Who ordered winter? The cold season came with a vengeance in February, bringing bitter cold and snow across the state. The preliminary statewide average February temperature was 20.0 degrees, 11.1 degrees below the 1991–2020 average and the 10th coldest on record going back to 1895. Preliminary statewide average total February precipitation was 2.01 inches, 0.10 inches below the 1991–2020 average and tied for the 51st wettest on record going back to 1895.
Data are provisional and may change slightly over time
February Can Still Be Cold
Winter average temperatures in Illinois have increased by 0.20 degrees per decade since 1895 and by 0.80 degrees per decade since 1970. Two thirds of the 2020-21 winter season followed this pattern, but February did not abide. The plot in Fig. 1 shows daily February temperatures as a departure of the 1981–2010 normal in Monmouth. Average temperatures on all but one day between February 7 and February 18 in Monmouth were at least 25 degrees below the 30-year normal, and many were more than 30 degrees below normal. Most places in Illinois experienced at least 20 days of below normal temperatures in February, following fewer than 20 days with below normal temperatures in January and December combined.
The extreme cold broke 218 daily low maximum temperature records and 81 daily low minimum temperature records at stations around Illinois, from Galena to Cairo. No February low maximum and minimum temperature records were broken last month. However, among stations with at least 30-year records, last month was the coldest February on record in Dixon, Du Quoin, Olmsted, Carmi, and Mt. Vernon. Some of the most extreme observed temperatures include -21 degrees in Altona and Mt. Carroll, -17 in Aurora, and -15 in Moline.
As the maps below show, February average temperatures ranged from the low teens in northwest Illinois to the high 20s in southern Illinois, which was between 8 and 14 degrees below the 1981–2010 normal (Figure 2). The two-week stretch during February 6–20 exhibited temperatures between 18 and 25 degrees below the 1981-2010 normal across the state.
The preliminary statewide average February temperature was 20.0 degrees, 11.1 degrees below the 1991-2020 average and 10th coldest on record going back to 1895. February propelled the 2020-21 winter season temperatures below the 1981-2010 normal, despite a warmer than normal January and December. Winter average temperatures ranged from the high teens in northern Illinois to the high 30s in southern Illinois, between 0 and 4 degrees below normal (Fig. 3).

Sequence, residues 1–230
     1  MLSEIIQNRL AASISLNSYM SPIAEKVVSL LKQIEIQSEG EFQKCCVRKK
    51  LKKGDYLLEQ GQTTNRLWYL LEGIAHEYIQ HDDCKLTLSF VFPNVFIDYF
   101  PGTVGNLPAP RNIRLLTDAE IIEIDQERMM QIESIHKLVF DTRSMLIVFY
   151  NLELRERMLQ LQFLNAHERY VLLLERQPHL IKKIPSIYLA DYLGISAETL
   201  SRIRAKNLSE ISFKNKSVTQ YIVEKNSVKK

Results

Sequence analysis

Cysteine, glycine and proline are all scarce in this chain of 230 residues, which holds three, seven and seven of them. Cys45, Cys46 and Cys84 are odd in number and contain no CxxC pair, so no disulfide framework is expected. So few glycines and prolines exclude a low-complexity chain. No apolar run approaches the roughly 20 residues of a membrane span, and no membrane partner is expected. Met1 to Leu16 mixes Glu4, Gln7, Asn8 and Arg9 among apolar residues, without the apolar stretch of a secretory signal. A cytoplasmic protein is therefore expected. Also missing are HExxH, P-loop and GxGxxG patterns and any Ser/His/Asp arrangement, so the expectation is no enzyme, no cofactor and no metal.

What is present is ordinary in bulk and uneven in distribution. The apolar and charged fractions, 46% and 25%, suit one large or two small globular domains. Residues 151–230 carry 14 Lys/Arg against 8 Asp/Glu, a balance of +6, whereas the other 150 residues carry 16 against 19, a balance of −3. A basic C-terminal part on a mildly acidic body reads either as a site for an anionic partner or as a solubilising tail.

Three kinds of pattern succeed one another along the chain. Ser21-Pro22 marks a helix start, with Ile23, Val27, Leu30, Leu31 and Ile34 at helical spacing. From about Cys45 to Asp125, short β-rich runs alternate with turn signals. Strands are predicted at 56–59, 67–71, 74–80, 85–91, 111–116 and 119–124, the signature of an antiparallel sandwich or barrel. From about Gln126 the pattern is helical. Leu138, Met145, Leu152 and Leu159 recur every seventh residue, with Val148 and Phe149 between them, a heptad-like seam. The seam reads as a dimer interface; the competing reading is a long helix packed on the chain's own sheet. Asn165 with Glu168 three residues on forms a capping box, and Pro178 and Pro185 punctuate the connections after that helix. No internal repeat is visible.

More Snow Than Rain
February was noteworthy not only for extremely cold weather, but also for exceedingly high snowfall totals. The position of the subpolar jet stream created an active winter storm track across the state, bringing multiple heavy snowfall events. One storm in particular produced 10 to 20 inches of snow in a 24-hour period in the northeast part of the state. This included 13 inches observed in Kankakee on February 16 alone, which was the largest single day snowfall total on record in Kankakee. February snowfall totals ranged from just under 34 inches in the northern Chicago suburbs to about 3 inches in Mt. Vernon.
The maps below show February total snowfall ranged from 8 inches in southwest Illinois to over 30 inches in northeast Illinois, between 5 and 15 inches above the 1981–2010 normal (Fig. 4). The incredibly snowy month pushed winter season totals above normal across most of the state.
Because February snow fell from very cold air, it did not produce a large amount of equivalent liquid precipitation. February total precipitation ranged from just over an inch in far northern Illinois to just over six inches in southeast Illinois. All areas except for the southeast quadrant were a tenth to one inch drier than the 1981–2010 normal in February. Combined with drier than average months in January and December, most parts of the state experienced a winter season that was one-half inch to three inches drier than normal (Fig. 5).
Overall, preliminary statewide average total February precipitation was 2.01 inches, 0.10 inches below the 1991–2020 average and tied for the 51st wettest on record going back to 1895.
Both the short-term 8- to 14-day outlooks and the one-month March outlooks from the Climate Prediction Center show strongly elevated odds of warmer than normal conditions this month. The outlooks also indicate the highest odds of wetter than normal conditions in the first half and through the entirety of March (Fig. 6). Lastly, the newest three-month outlooks for climatological spring (March–May) also indicate the highest odds of warmer and wetter than normal conditions.